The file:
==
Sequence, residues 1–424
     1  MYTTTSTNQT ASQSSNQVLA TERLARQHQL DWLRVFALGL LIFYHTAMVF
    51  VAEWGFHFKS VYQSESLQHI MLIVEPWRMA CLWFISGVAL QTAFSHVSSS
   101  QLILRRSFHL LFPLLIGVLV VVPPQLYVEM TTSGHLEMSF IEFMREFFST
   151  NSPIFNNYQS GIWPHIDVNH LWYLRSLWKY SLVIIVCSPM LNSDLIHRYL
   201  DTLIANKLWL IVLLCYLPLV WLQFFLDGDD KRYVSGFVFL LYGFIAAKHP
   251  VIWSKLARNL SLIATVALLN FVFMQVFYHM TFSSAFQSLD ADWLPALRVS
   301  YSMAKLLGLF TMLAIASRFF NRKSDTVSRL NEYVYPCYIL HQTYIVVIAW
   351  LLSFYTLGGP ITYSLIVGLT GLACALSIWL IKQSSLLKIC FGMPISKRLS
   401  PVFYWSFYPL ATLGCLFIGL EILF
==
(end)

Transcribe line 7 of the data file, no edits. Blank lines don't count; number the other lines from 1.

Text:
   251  VIWSKLARNL SLIATVALLN FVFMQVFYHM TFSSAFQSLD ADWLPALRVS